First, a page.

The Future of Indian Education - A Scenario

The Future of Indian Education - A Scenario

The Future of Indian Education – A Scenario

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By Prof (Dr) N. K. Maheshwary
Director Education, North West Group of Institutions, Punjab

The evolution of Indian education system has seen a very turbulent journey ever since independence and seems to be settling down slowly. The demographic dividends of the young population is an opportunity and challenge as well wherein a stark truth that we are facing is that will the Institutes of Higher Education be able to stand up to the deliver world class learning.

It is in this context that we need urgently to understand the perception of all the stakeholders in the society and improve our home grown institutions to world standards.

The government on its part is launching various schemes to improve the higher education system in India but the flavour of the political affiliations has its toll on the quality of education which is very evident looking to the statistics of the employable youth generated on graduation.

Although, number of measures have been announced all intended to improve the quality of higher education in India wherein the “Higher Education Financing Agency” (HEFA), has announced to give 100 billion rupees (about US$1.5 billion) to improve infrastructure standards. This shall be followed by another initiative whereby the country will develop 20 world-class institutions; 10 public and 10 private.

The vision is admirable, but the Higher Education System in India remains plagued by challenges as indicated below:

A stark reality of shortage of quality teachers
The quest of the political parties to gain political traction through the introduction of inclusiveness the very system of meritocracy has been given to the winds through a quota system that has eroded the very foundation of creating a knowledge society. A better system need to be introduced whereby quality teachers are attracted to this profession and they are able to inculcate a spirit of creativity and innovation in the students. It is sarcastically said by the western nations that India retains the reserved and they attract the deserved, a irony that need to be addressed. The very appeal to be part of the teaching fraternity needs to be enhanced to overcome the shortage of quality new age teachers as the logic of extending the tenure of retired faculty has not served its purpose and seems flawed.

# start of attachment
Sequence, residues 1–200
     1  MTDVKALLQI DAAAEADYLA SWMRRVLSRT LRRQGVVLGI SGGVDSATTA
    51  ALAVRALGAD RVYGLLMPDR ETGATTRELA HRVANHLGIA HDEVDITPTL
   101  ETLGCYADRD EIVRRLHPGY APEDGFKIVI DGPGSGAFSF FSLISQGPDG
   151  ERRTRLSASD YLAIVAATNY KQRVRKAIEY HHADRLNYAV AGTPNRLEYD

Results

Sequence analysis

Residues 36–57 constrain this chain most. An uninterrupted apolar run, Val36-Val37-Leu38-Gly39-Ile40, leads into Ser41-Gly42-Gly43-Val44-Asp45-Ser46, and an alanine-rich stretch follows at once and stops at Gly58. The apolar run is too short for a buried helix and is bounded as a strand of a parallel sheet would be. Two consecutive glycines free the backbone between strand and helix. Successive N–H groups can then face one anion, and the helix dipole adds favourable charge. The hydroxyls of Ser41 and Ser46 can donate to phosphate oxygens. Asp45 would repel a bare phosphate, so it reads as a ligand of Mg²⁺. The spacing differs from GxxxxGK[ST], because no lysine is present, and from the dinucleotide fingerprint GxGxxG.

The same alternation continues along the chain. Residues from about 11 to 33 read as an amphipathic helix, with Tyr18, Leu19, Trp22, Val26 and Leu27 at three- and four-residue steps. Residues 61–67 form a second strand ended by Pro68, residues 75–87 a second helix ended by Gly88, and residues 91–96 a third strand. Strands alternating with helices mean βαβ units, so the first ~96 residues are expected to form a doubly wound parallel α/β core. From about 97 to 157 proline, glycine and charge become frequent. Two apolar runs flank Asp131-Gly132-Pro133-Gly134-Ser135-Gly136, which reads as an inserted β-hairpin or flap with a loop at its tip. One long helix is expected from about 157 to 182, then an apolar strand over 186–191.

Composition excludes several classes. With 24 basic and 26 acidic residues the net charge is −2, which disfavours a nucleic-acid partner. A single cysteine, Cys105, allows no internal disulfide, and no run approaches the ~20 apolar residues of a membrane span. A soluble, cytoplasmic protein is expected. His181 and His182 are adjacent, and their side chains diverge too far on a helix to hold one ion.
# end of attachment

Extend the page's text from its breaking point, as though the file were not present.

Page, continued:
The subsidised cost of education has resulted in lack of improved infrastructure and poor pay to the staff and therefore shortage of quality teachers which is cause of concern. This has resulted in hundreds of privately set-up colleges/ Institutions offering a sub-par standard of education in India in order to turn a profit.

Are we preparing students for employment
The sub standard quality of education has its fall out wherein those graduating struggle to find work.

The assessment tests of students across the country on skills sets like communication, numerical and logical ability and domain knowledge indicate a very pathetic state of affairs.

Why are the young students lured to move out of the country
The primary concern of the education system of any nation should be to improve the enrolment rate and employability of its population. Are we achieving it?

The talented students face a pecuniary situation and seek higher studies abroad and stay back in that country and ultimately become NRIs.

Instead, we in India should be the key regional hub for international study and attract students from all over the globe. This diversity shall bring in competition and provide impetus to improve the standards of our quality education.

If we are able to address the issues as indicated above and the policy makers design such guiding principles that can overcome the basic impediments to the delivery of quality higher education in India I see no reason why we shall not see an accelerated growth in employment/ entrepreneurship amongst the students.


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Disclaimer: The opinions expressed in this article are the personal views of the author and does not reflect the views of IDA. The article is published as is and we bear no responsibility for any errors in the content of the article. 

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